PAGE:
• Does the engine run smoothly – A simple ticking from the top of the engine may be a simple valve adjustment but a deep thunk from the bottom or middle of the engine would point to very serious and expensive repairs. The clunk should be more pronounced under load conditions. This may be a sign of problems with the piston, bearings or crankshaft rods. And mean a very expensive repair job.
• What condition is the oil in – After you have run it for a while, stop the engine and check the oil for foaming or water. This is a catastrophic problem.
• Is there head oozing – look for signs that oil are seeping out the head gasket. If the tractor is drenched with grease and oil, it may cover obvious signs of seepage.
• Is the clutch in good working order – a clutch is not that expensive to replace but splitting the tractor in half is beyond what most collectors want get involved in.
• Check the Dynamo – There should be a slight charge indicated on the ammeter when the engine is running and a movement in the charging level when the lights are switched on (this shows that the resistor or regulator switch and cutout is working fine). At normal running speed, no discharge should be shown.
• Use the hydraulics – Check the full extent of the power rams by extending them with a load. Let the load stand in the hold situation for a while to be sure that there is no leakdown. Chattering noises from the pump while lifting indicate the pump is not getting enough supply of hydraulic oil. The pump might have experienced a lot of wear when run this way for long periods of time and may be ready to fail.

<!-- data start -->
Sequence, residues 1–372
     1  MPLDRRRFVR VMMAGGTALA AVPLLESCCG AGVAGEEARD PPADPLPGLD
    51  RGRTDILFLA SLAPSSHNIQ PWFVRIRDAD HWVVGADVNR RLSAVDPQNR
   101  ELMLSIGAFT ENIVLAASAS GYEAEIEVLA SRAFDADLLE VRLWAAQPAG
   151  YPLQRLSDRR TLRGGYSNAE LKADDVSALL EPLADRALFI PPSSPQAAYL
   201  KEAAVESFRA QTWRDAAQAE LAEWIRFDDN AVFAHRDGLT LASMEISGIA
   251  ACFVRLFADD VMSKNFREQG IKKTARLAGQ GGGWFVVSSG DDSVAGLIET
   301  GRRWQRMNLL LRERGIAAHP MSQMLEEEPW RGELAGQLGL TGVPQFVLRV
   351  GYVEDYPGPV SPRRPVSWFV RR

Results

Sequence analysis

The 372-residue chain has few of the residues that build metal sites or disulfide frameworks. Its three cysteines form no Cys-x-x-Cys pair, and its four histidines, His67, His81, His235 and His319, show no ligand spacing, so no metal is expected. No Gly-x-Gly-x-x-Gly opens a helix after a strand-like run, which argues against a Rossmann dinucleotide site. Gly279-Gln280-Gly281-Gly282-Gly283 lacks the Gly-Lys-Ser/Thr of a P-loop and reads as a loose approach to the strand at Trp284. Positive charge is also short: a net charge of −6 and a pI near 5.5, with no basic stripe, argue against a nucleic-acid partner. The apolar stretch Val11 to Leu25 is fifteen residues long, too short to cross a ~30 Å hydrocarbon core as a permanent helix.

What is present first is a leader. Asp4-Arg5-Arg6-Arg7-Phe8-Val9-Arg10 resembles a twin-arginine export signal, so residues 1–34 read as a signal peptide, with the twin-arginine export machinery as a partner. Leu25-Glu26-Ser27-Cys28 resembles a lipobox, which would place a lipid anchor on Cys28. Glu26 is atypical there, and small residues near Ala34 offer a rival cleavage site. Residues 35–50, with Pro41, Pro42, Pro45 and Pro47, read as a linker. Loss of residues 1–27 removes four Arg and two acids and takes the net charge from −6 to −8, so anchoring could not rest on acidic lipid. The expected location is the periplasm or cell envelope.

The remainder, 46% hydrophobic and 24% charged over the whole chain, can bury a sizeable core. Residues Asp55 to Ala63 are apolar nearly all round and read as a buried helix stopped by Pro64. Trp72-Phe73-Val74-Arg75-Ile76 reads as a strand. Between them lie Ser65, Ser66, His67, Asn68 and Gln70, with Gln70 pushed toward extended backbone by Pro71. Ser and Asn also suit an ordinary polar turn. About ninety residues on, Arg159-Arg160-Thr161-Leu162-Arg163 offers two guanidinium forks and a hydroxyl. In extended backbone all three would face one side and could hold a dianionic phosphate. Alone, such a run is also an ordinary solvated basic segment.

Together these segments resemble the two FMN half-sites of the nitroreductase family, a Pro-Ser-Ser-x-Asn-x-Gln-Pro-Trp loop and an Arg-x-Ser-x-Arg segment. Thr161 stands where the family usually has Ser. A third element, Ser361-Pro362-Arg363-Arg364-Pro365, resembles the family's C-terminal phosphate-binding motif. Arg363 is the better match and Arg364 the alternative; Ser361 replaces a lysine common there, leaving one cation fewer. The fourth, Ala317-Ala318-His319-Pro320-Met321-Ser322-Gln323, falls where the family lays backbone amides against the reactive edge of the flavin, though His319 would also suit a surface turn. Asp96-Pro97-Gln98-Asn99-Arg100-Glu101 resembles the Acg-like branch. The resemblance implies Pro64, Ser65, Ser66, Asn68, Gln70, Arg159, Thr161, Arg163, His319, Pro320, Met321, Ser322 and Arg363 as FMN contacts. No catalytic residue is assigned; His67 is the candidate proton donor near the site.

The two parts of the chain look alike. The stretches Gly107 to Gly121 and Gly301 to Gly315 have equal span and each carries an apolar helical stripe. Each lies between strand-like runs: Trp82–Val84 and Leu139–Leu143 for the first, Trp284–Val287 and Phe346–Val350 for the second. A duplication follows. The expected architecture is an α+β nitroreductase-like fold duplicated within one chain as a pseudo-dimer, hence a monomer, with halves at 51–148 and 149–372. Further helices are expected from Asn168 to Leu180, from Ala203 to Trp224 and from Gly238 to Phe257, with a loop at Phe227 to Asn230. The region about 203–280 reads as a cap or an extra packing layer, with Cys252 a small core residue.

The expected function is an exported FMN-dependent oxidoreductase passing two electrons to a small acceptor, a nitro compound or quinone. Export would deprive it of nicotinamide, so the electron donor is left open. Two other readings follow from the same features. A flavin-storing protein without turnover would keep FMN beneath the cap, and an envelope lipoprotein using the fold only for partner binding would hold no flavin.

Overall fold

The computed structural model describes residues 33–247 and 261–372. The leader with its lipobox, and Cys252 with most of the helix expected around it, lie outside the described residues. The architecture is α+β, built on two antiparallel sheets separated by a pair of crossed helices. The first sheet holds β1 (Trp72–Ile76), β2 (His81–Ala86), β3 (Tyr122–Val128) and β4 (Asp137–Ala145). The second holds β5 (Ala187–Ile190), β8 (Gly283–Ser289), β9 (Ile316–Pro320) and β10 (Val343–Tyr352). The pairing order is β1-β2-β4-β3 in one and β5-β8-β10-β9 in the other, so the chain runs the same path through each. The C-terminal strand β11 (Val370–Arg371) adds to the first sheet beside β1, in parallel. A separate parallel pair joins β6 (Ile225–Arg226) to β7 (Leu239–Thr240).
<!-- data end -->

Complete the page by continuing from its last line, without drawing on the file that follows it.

• Look for cracks in the structure – It is time consuming but its well worth doing. Look out hairline cracks in all the cast and steel components. Again, this is not expensive to correct but extremely time consuming to fix, also it would be unsafe to use a tractor with such flaws.
If, on first inspection the tractor fails some of these areas, you may still find that the seller is willing to move on price (since you found all the problems). At this time you should determine if you have enough time to correct what you discovered… and make some savings in the process. If you need the tractor straight away then, .
The best situation for buying a day to day tractor is either to purchase one that is currently being used (but the owner needs to upgrade) or from a known dealer. The first category is normally someone just like you who needs a tractor on a day to day basis. These dealings are usually enjoyable and can even lead to a long term relationship that goes beyond the buyer/seller relationship. This type of individual will in all probability even let you try the machine with on your farm and tell you all those things they would fix if they were keeping the tractor.
Purchasing from dealers can also be a good idea but even at a dealer you should be equipped with your evaluation criteria rather than depending on “the warranty”. Even if your dealer offers warranties, hauling a tractor back for even free maintenance will cist you a lot of time and effort. Also remember that the dealer is there to make a profit for his business and may not have your best interests at heart. So buyer beware!
While many of the above examples may sound a bit negative, you should do your research and understand the specific issues a polovni traktori may have before you invest.